The mask is your view to the underwater world. It is why most people choose to learn to dive; to see what is down there. Many will start snorkeling with a mask and then continue on to scuba dive. The mask is the smallest piece of equipment and usually the least expensive so it is usually the first thing purchased and traveled with for a budding or experienced diver.
Your mask should fit well and be comfortable. Most masks fit all faces, but you should test them (especially if renting) to make sure it is the right one for you. There are clear or black skirts (the silicone part that sits on your face), different shapes of lenses to allow for maximum viewing, different nose shapes, as well as different volumes.
Test a mask by holding it against your face (without the strap on) and inhaling through your nose. Be sure all hair is out of the way, including facial hair. If the mask sticks, or creates a suction, and you need to pull it off of your face, you should be fine.
If your mask is brand new you will need to remove the special film on the glass. This silicone preservative film is on all brand new masks and will constantly fog if it is not removed. Either scrub gently with toothpaste (the white kind) or burning it off with a lighter. Using white toothpaste (not gel) rub all inside glass surfaces well. Let it sit overnight and then rub again and rinse in the morning. A lighter is a little more dangerous so ask someone who has done it before successfully to do it for you or show you how. If you do not remove the film, your mask will fog no matter what else you try.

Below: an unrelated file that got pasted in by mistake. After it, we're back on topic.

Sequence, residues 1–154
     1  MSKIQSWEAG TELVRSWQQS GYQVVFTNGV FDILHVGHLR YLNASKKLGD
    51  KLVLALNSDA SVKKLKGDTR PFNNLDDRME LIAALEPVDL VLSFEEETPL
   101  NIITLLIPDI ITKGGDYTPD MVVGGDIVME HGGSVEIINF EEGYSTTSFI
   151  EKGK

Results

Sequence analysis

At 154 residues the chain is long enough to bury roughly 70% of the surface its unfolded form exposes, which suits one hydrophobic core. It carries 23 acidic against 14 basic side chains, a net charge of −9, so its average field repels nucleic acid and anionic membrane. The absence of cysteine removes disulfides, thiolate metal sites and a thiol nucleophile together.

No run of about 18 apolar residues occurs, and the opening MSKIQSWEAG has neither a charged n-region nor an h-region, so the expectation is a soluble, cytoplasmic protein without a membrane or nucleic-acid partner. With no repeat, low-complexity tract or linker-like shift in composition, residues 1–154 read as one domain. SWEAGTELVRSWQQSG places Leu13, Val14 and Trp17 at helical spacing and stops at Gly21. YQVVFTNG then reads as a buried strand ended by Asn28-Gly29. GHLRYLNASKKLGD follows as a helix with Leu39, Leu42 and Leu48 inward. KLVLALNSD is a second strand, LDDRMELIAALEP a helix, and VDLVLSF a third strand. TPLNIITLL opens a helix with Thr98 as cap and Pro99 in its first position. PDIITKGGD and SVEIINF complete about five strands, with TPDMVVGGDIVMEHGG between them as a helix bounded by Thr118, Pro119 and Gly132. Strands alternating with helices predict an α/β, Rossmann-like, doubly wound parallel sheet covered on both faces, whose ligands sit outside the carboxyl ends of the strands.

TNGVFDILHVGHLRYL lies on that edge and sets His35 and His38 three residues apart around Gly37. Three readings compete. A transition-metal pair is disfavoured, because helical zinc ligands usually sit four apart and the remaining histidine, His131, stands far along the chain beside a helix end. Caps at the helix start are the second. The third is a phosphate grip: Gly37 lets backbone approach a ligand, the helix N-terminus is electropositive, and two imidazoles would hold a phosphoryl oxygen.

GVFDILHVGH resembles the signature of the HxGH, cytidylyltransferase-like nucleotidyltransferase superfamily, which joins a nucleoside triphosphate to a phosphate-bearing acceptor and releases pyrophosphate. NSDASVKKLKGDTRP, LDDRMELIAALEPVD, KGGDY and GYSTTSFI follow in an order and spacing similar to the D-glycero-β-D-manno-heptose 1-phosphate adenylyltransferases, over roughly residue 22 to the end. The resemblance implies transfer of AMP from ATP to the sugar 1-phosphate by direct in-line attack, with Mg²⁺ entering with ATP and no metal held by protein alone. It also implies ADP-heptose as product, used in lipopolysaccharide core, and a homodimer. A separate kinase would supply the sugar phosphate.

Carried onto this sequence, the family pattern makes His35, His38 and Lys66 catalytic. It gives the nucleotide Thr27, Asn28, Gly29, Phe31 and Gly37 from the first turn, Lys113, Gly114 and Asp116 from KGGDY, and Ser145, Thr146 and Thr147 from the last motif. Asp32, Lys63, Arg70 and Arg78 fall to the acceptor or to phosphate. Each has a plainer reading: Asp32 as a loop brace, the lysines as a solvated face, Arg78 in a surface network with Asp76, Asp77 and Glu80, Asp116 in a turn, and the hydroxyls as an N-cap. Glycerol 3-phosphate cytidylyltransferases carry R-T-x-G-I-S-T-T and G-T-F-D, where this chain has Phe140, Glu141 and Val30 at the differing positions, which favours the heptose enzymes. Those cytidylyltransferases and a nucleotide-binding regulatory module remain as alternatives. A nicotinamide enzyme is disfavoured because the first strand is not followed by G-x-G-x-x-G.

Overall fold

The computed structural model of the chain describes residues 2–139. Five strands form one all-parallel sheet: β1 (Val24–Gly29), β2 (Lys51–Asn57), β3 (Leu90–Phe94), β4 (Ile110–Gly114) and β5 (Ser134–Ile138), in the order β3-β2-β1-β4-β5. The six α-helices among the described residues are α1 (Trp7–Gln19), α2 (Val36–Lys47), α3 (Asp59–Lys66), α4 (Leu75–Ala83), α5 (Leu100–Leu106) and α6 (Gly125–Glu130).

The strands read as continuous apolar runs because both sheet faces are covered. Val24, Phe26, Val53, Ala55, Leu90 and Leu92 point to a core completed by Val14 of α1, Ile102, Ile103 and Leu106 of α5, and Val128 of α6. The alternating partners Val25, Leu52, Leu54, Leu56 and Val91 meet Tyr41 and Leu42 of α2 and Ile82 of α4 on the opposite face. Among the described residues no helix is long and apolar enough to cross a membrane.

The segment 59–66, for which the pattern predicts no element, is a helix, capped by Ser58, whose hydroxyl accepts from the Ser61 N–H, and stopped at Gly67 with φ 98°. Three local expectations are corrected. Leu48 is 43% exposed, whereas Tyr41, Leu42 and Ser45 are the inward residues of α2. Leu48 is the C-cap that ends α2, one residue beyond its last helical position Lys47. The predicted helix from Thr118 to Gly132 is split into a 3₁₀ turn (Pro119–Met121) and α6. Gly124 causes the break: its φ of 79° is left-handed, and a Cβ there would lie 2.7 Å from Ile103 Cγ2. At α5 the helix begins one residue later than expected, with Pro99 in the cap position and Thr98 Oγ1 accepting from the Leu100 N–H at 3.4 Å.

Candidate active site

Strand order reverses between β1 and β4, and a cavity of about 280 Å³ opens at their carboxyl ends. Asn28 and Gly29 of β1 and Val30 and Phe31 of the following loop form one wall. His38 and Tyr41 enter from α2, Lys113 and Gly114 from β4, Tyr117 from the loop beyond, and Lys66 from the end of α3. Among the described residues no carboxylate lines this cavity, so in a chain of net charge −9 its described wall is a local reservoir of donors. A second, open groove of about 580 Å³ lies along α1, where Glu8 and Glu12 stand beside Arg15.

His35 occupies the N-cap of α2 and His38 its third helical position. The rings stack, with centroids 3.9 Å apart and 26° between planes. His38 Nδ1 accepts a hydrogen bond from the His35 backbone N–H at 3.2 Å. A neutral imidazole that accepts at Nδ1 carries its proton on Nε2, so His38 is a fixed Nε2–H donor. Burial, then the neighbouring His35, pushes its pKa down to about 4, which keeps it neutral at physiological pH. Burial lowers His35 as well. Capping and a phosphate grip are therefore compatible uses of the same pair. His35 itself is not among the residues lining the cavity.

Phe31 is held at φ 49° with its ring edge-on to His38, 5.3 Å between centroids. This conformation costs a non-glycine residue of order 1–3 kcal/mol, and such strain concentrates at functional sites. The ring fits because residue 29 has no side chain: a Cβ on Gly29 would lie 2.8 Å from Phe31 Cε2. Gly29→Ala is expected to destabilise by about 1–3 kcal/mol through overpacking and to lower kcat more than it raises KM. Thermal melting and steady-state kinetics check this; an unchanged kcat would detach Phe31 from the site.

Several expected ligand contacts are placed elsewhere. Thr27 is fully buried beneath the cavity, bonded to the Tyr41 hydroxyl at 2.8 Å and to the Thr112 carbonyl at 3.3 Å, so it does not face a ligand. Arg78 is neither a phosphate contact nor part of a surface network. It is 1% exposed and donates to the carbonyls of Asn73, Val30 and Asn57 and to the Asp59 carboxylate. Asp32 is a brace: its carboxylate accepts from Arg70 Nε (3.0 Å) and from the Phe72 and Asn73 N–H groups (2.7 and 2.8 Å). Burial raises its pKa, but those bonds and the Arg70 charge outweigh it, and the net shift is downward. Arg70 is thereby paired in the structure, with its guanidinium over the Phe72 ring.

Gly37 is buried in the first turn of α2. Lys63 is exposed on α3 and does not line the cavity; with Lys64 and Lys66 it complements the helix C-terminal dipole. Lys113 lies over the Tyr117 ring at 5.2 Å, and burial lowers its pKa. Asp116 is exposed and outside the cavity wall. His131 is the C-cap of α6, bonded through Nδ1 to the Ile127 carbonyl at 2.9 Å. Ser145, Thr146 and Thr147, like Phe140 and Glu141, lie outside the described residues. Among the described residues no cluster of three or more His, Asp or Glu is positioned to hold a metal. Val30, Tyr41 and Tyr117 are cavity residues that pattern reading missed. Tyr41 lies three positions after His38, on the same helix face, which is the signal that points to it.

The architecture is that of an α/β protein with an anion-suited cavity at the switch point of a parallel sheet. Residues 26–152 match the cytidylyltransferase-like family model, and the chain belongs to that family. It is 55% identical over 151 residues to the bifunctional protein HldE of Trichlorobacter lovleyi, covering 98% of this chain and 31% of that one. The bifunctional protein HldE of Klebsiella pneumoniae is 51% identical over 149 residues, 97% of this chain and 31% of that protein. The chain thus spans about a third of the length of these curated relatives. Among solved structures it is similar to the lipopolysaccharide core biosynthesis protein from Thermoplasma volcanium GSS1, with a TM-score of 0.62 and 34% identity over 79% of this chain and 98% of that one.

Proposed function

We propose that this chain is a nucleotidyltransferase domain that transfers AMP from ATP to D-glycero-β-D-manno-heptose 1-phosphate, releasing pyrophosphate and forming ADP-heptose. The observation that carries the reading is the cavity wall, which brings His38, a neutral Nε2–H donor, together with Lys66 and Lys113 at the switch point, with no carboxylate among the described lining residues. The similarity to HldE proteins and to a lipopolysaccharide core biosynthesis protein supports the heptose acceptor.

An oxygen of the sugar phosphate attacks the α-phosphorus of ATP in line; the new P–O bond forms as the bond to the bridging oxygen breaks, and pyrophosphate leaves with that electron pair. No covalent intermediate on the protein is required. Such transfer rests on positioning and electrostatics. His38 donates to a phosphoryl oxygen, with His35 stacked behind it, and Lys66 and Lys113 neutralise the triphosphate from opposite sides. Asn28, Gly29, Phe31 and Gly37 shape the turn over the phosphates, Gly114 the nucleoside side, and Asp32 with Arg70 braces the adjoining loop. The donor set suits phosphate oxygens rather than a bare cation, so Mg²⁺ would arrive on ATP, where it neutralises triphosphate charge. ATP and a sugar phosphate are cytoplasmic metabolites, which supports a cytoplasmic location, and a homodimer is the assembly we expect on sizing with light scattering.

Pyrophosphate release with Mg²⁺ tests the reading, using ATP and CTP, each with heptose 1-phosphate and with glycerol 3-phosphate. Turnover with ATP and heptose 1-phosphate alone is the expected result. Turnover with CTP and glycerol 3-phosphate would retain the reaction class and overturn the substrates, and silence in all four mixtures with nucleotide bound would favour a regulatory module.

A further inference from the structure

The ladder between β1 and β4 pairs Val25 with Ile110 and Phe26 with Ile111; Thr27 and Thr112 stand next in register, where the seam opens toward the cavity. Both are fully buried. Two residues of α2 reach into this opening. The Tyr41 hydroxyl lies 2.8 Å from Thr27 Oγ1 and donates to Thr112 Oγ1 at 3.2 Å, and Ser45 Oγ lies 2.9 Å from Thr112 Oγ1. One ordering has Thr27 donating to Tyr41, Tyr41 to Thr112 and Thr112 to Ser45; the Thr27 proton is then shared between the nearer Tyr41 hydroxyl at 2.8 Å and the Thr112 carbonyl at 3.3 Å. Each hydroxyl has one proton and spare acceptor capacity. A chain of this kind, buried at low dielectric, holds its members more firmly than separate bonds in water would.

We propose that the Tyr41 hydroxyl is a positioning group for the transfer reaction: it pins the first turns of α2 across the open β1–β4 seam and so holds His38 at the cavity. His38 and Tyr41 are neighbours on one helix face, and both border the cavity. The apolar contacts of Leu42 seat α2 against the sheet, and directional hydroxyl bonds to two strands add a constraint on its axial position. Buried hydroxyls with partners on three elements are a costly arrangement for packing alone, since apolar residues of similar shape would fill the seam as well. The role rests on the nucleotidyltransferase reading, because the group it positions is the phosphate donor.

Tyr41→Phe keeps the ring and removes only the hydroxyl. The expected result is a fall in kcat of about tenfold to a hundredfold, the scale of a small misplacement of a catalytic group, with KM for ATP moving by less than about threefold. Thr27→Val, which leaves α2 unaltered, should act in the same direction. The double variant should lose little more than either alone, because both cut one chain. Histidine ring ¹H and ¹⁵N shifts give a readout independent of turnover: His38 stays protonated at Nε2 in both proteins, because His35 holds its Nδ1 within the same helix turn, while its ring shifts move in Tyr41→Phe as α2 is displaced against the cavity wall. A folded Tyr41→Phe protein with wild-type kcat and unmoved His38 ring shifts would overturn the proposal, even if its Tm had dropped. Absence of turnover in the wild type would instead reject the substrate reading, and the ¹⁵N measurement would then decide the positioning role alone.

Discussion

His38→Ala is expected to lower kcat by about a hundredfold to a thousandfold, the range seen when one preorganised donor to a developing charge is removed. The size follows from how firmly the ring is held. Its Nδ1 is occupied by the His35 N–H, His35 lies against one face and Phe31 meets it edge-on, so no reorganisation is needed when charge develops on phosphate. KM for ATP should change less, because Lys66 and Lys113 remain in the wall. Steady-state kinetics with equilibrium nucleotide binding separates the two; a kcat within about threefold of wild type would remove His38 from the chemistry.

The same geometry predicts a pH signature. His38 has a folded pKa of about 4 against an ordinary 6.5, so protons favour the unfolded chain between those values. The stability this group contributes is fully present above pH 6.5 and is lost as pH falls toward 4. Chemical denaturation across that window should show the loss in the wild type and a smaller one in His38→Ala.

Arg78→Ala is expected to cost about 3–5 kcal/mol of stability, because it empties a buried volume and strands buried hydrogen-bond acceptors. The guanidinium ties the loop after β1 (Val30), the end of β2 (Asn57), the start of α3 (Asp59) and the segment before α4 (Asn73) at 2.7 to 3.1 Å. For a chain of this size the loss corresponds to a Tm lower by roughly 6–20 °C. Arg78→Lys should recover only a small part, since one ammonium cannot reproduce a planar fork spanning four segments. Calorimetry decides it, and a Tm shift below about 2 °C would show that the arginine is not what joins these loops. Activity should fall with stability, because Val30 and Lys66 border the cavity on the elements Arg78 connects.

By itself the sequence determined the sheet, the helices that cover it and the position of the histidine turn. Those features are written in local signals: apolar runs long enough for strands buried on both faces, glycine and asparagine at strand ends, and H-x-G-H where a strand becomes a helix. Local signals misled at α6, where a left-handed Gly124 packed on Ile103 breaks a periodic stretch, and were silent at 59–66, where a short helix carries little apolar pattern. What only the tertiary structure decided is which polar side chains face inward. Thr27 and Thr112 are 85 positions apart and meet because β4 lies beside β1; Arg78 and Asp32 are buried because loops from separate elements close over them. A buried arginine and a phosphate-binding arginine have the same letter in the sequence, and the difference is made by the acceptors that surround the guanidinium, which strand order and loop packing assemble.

Defog a mask before a dive or snorkel by spitting into the inside of the mask and rubbing it all over the glass. Finish with a very quick rinse with either fresh or salt water. Do not worry about droplets, they will disappear once you are in the water. If you feel uncomfortable using your own spit, you can use fake spit sold in a bottle at a dive shop, otherwise known as mask defog, or some people swear by baby shampoo.
Do not tighten your mask strap too much. This is a common mistake that actually increases the likeliness of a leaky mask due to the fact it makes more wrinkles in your face. Your mask strap should just be tight enough to hold the mask on your face. Once in the water, the pressure will keep the mask on your face even if the strap is not around your head!
Make sure there is no hair or mask strap in the way of the mask skirt. This will lead to leaking. Take your fingers and trace all the way around your mask to ensure there are no invaders. Men with a mustache may have problems with leaking under the nose. Experienced male divers choose several methods to save the mustache and still have a good mask seal including shaving just a strip below the nose and/or using a little vasoline, or silicone gel, to help create a seal.
If you get water in your mask you can try to exhale it without removing the mask completely. This is a skill learned and mastered in the Open Water Diver Course. Simply breathe in through your mouth, exhale through your nose (think blowing your nose) while you press on the top of your mask and look up. The water should exit the bottom and sides easily. A little practice will make a big difference.